07 November 2007

The low-down on sex headaches

Most attacks of headache associated with sexual activity do not require medical treatment, Researchers say.

The exact frequency of headache associated with sexual activity in the general population is unknown, but findings from a small study suggest three quarters of such headaches are episodic and most cases do not require medical treatment. Even for the chronic form of these headaches, about 80 percent will go into remission within 3 years.

At first onset, patients should have a medical examination to rule out more serious conditions, Dr Achim Frese, University of Munster, Germany, and colleagues suggest in the medical journal Cephalalgia.

The investigators analysed data from 60 patients treated for headache associated with sexual activity at a headache out-patient clinic between 1996 and 2004, and tracked the patients' outcomes after 1 year or longer.

The patients were an average of 37 years old when they first experienced either slowly intensifying or sudden severe headache, prior to or during orgasm. The researchers report a combined overall recurrence rate of 43 percent over an average follow up of 6 years.

No further attacks
Of the 45 patients reporting single attacks prior to their initial examination, 37 reported no further attacks at follow-up. Another 7 patients reported at least one further attack, and one patient developed chronic headache associated with sexual activity.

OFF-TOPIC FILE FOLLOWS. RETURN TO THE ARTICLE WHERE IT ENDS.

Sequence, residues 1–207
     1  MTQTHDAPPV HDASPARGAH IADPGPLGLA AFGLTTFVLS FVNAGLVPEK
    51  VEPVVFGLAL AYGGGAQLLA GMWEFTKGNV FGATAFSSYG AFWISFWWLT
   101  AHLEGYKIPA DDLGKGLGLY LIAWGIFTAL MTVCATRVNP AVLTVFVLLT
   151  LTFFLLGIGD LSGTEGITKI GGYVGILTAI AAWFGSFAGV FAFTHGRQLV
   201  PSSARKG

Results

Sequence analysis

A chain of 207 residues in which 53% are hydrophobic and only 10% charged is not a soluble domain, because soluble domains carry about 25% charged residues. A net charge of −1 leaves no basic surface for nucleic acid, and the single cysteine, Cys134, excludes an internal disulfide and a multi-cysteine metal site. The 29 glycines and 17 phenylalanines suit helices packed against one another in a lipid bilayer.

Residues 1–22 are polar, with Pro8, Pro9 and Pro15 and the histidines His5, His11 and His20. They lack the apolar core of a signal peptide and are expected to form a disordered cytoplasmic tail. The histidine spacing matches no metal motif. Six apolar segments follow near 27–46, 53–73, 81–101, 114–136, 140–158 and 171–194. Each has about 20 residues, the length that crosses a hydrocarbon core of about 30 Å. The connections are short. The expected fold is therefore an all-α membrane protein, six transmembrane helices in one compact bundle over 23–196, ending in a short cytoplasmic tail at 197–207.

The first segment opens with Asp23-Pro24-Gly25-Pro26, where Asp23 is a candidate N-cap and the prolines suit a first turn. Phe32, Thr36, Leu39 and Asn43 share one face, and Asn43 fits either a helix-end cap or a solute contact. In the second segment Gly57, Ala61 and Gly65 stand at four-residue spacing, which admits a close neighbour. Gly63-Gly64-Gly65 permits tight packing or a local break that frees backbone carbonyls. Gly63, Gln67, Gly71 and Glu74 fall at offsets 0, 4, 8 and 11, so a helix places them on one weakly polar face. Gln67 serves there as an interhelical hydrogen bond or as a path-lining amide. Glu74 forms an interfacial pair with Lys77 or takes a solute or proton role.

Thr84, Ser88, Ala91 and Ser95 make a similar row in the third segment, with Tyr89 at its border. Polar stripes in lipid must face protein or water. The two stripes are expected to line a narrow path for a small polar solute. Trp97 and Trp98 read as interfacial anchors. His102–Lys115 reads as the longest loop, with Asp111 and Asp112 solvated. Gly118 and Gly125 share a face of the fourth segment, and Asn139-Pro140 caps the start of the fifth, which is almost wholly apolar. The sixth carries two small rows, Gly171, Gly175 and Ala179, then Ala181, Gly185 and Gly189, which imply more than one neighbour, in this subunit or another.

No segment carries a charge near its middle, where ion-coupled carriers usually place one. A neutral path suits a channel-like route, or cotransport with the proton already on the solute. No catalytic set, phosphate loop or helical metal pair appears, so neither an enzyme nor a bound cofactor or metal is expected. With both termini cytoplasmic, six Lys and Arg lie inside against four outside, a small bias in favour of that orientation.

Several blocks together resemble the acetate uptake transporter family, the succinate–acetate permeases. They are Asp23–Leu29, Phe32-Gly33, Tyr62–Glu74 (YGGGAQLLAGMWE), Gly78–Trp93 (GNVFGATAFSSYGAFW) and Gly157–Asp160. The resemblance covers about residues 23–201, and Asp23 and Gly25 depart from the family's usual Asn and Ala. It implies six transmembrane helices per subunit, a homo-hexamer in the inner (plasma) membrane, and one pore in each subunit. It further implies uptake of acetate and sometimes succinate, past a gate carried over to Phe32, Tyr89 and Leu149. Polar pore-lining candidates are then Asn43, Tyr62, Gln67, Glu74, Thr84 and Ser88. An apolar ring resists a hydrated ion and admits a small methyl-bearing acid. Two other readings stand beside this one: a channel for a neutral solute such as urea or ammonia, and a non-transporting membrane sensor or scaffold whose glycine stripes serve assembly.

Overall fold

The remaining 15 patients had chronic headache associated with sexual activity; 9 with infrequent attacks (less than 20 percent of their sexual activity); 3 reported attacks during 20-to 50-percent of sexual activity; and another 3 reporting attacks during nearly all sexual activity.

Most attacks of headache associated with sexual activity do not require medical treatment, the investigators note, but about 15 percent of patients report severe pain lasting from 4 to 24 hours.

Beta-blockers may help
"From our experience, beta-blockers (propranolol or metroprolol) for prophylaxis and indomethacin for pre-emptive therapy can be recommended," Frese and colleagues write.

While other headache disorders, including tension and exertional headaches and migraines, were evident in 39 of the 60 patients, data from this study could not confirm an association between other headache disorders and headache associated with sexual activity.

SOURCE: Cephalalgia, November 2007. – (Reuters Health)

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November 2007




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